If a ship’s hull or tank breaks, the ship may sink, or oil spills can cause enormous damage to the environment. If the ship is equipped with a capable, cost-effective oil or liquid flow stop emergency device, casualties and marine pollution could be reduced. Many magnetic-type liquid spill stop emergency devices developed since 1904 have limitations, such as difficulties with installation and impossibility of use during sailing. This study demonstrated the applicability of a magnetic-type liquid spill stop emergency device through tests for water pressure and leakage, attachment, magnetic fields, and the generation of sparks. Results showed that the device can be applied to the ship’s side hull and bottom with a specified minimum diameter at a pressure depth of 1.0 kg/cm2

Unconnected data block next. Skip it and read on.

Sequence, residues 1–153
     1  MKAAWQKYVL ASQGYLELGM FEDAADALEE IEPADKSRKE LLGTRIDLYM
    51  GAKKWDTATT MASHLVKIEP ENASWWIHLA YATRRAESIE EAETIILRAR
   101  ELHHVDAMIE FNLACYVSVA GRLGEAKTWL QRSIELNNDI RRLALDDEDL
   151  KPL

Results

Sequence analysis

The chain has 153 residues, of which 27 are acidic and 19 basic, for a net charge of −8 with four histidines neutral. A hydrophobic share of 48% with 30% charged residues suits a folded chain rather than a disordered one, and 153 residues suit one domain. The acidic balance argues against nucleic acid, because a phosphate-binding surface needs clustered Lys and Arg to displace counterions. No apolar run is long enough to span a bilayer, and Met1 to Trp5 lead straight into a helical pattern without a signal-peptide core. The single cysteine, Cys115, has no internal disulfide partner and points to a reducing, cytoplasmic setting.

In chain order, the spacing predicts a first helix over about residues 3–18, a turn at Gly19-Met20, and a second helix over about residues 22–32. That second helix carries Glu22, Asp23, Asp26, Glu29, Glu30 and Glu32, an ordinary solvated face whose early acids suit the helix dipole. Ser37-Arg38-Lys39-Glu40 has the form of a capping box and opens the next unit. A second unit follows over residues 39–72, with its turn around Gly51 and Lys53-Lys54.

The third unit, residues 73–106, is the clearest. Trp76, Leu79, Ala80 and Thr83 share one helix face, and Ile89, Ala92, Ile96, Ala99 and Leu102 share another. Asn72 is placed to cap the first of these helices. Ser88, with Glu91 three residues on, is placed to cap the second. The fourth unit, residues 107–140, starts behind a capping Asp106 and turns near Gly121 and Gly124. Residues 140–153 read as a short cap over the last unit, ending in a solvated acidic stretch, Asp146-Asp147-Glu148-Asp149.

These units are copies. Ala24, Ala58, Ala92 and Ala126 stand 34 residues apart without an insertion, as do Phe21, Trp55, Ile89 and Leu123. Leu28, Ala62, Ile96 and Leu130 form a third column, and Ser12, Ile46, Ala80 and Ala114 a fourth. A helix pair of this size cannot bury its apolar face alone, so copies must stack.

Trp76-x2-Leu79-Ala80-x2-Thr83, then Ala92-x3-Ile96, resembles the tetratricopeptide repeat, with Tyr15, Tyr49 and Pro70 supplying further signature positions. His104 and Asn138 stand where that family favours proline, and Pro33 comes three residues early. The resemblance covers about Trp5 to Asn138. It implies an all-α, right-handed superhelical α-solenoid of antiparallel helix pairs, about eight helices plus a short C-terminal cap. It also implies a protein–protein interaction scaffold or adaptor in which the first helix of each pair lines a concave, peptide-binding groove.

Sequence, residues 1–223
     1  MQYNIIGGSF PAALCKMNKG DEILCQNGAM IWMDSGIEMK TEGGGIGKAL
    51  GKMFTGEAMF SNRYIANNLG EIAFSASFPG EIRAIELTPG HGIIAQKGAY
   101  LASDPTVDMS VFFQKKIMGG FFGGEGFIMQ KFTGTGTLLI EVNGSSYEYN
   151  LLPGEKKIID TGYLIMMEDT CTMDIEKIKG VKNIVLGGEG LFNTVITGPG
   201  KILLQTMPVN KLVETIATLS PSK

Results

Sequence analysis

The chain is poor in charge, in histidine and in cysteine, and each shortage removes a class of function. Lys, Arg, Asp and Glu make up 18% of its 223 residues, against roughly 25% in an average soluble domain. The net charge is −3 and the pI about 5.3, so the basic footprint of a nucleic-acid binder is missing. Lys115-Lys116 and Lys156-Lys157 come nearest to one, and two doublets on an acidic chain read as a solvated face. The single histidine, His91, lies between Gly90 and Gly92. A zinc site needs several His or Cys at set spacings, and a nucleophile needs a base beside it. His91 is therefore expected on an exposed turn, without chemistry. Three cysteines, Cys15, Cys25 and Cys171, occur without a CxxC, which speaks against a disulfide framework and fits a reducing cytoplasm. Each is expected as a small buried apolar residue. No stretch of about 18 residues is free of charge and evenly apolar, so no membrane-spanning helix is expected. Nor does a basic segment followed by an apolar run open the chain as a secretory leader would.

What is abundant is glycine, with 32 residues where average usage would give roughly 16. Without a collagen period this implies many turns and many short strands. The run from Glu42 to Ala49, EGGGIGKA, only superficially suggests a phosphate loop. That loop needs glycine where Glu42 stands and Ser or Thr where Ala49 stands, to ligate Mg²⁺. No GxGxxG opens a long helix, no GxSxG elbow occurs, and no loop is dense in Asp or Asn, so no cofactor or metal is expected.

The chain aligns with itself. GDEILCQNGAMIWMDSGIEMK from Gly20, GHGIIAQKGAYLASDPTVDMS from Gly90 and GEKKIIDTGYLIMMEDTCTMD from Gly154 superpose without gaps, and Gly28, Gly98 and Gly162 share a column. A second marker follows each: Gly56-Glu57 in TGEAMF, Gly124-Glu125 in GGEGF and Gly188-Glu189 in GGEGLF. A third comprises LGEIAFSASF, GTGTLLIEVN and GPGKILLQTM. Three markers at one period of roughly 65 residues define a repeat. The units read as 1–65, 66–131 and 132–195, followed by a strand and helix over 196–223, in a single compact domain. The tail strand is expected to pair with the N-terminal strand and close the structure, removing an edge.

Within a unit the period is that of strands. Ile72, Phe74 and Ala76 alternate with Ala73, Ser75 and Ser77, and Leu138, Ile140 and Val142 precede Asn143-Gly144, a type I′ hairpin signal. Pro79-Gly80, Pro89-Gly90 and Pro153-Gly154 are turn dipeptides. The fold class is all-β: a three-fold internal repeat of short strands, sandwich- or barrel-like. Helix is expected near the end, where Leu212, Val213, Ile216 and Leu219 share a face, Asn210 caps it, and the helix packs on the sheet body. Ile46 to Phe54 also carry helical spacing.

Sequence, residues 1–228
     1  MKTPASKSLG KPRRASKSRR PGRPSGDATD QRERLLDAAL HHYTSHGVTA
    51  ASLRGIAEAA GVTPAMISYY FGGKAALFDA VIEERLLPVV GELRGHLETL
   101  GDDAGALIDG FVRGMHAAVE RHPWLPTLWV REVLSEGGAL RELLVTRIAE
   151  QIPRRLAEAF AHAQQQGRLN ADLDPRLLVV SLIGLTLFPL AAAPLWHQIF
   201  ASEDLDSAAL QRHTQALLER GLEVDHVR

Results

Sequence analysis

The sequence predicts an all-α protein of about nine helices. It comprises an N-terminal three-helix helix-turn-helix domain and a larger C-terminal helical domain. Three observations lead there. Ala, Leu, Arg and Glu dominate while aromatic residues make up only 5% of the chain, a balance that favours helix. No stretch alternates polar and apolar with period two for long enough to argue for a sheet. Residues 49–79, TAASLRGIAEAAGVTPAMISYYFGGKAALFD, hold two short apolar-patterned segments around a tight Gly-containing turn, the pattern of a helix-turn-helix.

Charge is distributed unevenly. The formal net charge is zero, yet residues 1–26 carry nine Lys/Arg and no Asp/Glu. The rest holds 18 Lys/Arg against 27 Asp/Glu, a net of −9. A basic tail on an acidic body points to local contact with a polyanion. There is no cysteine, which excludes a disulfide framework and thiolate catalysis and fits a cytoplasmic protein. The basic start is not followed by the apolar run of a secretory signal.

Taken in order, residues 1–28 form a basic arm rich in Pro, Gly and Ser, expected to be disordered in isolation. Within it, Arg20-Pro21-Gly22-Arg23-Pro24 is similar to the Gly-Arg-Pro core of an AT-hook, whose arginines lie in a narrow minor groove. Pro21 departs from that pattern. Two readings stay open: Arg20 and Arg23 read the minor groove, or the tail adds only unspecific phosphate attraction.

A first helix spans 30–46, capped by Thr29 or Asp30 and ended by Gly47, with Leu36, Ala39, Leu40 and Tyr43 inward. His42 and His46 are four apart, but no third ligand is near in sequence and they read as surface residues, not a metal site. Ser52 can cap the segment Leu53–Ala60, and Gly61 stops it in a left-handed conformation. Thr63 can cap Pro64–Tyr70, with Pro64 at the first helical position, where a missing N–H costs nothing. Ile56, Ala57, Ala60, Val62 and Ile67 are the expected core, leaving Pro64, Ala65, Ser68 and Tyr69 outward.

while sailing at a speed of 18 kts (9.26 m/s). If the distance from the device was at least approximately 750 mm, the magnetic field had no effect, and there was no risk of explosion due to sparks. A cost–benefit analysis based on the International Maritime Organization-approved guidelines for formal safety assessment confirmed the cost effectiveness of the device. This experimental study confirmed that the magnetic liquid stop emergency device is generally applicable to a ship’s hull.
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